Good Sam RV Travel Guide & Campground Directory

Dog Parks Schofield WI

Going to all of those dog parks with a young puppy and dog taught me a thing or two about dog parks. So, let's review three things in this article: 1) how to find a local park wherever you are camping; 2) some important considerations before you enter a dog park; and 3) what to do at the dog park. Here is how to Find and Use a Local Dog Park, plus RV pet information or camping information for traveling with dogs.

Rib Mountain SP
(715) 842-2522
Wausau, WI
Campground Availability
15-Apr thru 31-Oct
Services
Standard Flush, Hot Showers
Policies
Partial Handicap Access
Additional Facilities
Picnic Tables, Wood, Limited Grocery
Recreation
Rec Room, Playground, Hiking Trails

Data Provided by:
Badger Prairie Park
6720 Highway 151
Verona, WI
 
Myrick Park
(608) 796-0370
2000 La Crosse St
La Crosse, WI
 
Kaukauna Dog Park
(920) 766-6335
303 Farmland Dr
Kaukauna, WI
 
Howard Dog Park
(920) 434-4640
Wietor Drive (off North Military and Velp avenues)
Green Bay, WI
 
Lake DuBay Shores Campground & RV Park*
(715) 457-2484
1713 DuBay Drive
Mosinee, WI
Campground Availability
Open All Year
Services
Standard Flush, Basins, Hot Showers, Dump Station, Portable Dump
Policies
Clubs Welcome, Pets OK
Additional Facilities
Picnic Tables, RV Supplies, Fire Rings, Ice, Wood, Laundry, Limited Groceries, LP Gas by Weight, LP Gas by Meter
Recreation
Rec Room, Equipped Pavilion, Coin Games, Lake Swimming, Boating, Float Trips, Canoeing, Kayaking, Lake Fishing, River Fishing, Fishing Supplies, Playground, Shuffle Board Court, Planned Group Activities, Horseshoes

Data Provided by:
Outagamie Dog Park
(920) 832-4790
1375 East Broadway Drive
Appleton, WI
 
Mitchell Park
Mitchell Park Dr off River Rd
Brookfield, WI
 
Eau Claire Off Lease Recreation Area
4503 House Road
Eau Claire, WI
 
Mutland Meadows
2020 S. Green Bay Road
Grafton, WI
 
Data Provided by:

Dog Parks

Provided By: 

RV Pet Information: How to Find Doggie Parks When Traveling With Dogs


By Julee Meltzer

Nine years ago, when I first got my dog Lilac, I lived in downtown Boston. As a result, other than walking on the sidewalks, her closest communing with nature was playing in the city parks. Fortunately for both of us, Boston is a dog–friendly town, so most of the city parks allowed dogs. In fact, we were also lucky enough to live right across the street from one of them and down the street from an actual dog park.

Going to all of those dog parks with a young puppy and dog taught me a thing or two about dog parks. So, let's review three things in this article: 1) how to find a local park wherever you are camping; 2) some important considerations before you enter a dog park; and 3) what to do at the dog park.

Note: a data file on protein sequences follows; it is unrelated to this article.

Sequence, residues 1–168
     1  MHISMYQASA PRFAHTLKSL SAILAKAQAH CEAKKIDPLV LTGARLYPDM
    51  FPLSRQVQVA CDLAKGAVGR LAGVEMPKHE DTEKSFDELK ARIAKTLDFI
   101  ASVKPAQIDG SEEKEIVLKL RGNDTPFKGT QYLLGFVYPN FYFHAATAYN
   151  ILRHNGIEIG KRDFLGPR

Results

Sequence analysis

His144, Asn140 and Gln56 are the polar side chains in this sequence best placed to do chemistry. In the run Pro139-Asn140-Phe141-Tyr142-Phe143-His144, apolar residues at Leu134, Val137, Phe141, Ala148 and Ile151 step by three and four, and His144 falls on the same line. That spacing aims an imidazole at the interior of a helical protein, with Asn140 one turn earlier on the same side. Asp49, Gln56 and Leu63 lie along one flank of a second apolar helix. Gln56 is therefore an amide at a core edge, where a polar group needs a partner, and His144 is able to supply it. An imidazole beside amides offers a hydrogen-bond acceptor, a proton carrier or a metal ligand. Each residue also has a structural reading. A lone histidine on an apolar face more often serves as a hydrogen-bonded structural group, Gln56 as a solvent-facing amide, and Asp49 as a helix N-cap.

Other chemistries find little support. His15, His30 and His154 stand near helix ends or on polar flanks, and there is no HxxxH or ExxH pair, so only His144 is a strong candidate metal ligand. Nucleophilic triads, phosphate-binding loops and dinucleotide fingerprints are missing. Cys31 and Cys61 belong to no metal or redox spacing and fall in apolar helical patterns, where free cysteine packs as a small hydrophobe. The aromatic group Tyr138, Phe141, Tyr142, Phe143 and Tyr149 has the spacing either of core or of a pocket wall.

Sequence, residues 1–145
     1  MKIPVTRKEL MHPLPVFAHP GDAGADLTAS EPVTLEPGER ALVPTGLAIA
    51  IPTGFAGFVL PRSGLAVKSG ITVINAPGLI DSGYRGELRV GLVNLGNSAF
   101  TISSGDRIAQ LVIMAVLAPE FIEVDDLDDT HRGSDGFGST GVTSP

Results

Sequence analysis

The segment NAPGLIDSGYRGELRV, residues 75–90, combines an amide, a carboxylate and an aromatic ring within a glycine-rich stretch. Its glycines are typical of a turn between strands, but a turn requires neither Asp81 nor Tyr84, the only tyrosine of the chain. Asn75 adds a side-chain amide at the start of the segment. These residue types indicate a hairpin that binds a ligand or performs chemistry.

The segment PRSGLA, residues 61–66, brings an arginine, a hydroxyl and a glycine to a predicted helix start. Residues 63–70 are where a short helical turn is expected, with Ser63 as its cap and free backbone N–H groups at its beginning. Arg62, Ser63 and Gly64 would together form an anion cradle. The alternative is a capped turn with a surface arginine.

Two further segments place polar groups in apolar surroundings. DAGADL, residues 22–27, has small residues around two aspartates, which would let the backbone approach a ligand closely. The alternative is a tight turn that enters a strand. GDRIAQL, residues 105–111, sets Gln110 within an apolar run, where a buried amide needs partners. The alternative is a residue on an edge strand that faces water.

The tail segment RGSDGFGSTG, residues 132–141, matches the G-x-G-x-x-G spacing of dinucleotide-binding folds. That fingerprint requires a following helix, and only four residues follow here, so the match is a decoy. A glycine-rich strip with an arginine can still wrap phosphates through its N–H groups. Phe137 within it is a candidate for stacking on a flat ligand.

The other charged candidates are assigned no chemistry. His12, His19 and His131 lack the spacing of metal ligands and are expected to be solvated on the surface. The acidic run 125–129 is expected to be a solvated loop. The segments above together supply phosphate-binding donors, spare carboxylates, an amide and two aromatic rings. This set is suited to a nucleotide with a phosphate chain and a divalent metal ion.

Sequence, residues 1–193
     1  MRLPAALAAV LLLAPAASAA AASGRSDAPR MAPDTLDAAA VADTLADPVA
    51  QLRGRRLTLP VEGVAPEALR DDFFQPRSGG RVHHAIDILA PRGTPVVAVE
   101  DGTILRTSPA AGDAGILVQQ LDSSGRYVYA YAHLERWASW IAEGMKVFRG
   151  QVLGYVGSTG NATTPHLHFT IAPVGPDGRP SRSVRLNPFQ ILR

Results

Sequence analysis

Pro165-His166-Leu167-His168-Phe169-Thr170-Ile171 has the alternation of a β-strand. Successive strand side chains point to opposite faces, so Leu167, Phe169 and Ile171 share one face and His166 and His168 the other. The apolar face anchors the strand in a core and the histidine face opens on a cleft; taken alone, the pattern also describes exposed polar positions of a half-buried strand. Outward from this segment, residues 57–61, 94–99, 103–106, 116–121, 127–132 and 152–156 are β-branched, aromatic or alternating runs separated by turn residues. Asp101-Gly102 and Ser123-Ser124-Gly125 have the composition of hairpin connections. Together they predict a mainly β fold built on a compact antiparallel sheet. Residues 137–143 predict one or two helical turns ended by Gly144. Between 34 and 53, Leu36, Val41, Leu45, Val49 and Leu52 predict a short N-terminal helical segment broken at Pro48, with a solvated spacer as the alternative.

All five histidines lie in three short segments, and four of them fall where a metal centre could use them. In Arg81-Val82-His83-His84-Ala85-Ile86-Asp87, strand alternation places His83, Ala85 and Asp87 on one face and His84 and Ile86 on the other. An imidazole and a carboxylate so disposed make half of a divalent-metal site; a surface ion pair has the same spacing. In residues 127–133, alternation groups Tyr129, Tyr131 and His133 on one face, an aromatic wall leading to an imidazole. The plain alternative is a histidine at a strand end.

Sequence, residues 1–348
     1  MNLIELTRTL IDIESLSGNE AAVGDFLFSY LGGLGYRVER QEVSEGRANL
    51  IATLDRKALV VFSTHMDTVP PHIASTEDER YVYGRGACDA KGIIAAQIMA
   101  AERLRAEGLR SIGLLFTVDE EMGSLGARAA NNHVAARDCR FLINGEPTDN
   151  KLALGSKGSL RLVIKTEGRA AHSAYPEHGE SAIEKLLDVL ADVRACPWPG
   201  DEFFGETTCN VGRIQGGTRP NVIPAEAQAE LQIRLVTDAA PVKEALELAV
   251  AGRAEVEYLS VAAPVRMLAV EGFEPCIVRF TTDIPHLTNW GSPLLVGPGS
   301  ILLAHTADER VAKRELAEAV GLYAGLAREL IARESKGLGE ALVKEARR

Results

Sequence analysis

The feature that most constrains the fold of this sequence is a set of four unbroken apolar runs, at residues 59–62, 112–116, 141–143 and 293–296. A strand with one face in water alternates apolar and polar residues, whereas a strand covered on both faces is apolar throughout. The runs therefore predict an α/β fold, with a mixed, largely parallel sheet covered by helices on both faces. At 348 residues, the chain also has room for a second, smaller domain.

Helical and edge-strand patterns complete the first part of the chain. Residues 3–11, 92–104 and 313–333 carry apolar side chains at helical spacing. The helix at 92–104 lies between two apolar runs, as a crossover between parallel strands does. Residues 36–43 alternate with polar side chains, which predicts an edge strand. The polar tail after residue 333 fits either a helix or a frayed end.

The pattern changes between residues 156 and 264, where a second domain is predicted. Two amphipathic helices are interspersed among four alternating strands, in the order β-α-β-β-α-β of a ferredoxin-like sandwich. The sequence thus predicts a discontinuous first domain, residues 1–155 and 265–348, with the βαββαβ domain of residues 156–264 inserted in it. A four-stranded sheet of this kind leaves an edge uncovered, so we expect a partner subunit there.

1. How to Find a Local Dog Park
    • Look Online: If you have online access while you are RVing, you can always look online to find a local dog park. There are several good websites which have extensive camping information about local dog park facilities to use while camping with dogs: www.dogpark.com , http://www.ecoanimal.com/dogfun/ , and http://www.dogparkusa.com/ .
    • Do some legwork RV pet information: Call the local pet stores and veterinary offices to ask if they recommend any local dog parks. Also, you should check local bulletin boards (i.e. at the laundromat), dog publications, and newspapers for any dog park ads.
    • Call the local or county Department of Parks and Recreation Office and ask about any local dog parks.
    • Don’t forget to ask the campground management about camping info like this and any long-term residents at the campground as well.


  2. Some important considerations before you enter a dog park
    • Puppies: You really shouldn’t bring puppies under six months of age to a dog park. Not only might they get hurt, but they don’t have the necessary immunities/vaccinations to be protected from diseases. I know one friend whose puppy got a bad case of puupy warts at a dog park and it took a while for them to go away.
    • Un-spayed Females: In an environment with a lot of male and female dogs, an unsprayed female is just a lightening rod for aggressive behavior. So you really should avoid bringing any unsprayed females or un-neutered males to a dog park.
    • Aggressive Dogs: Many people take their own dog’s aggressive tendencies too lightly. Then, when they get to the dog park they act surprised when their dog attacks another dog. You should find other places for your aggressive dog to play, such as a beach with few dogs on it.
    • Number of Dogs: Make sure that you can handle the number of dogs that you bring to the dog park. Common sense says that more than three is probably too many.
    • Basic Commands: As a safety issue, you should always have your dog under control at all times, especially off leash. Teach your dog the basic commands such as: come, sit and stay.
    • Doggie Bags: Make sure you take bags to clean up after your dog....

Click here to read the rest of this article from Woodall's

/div>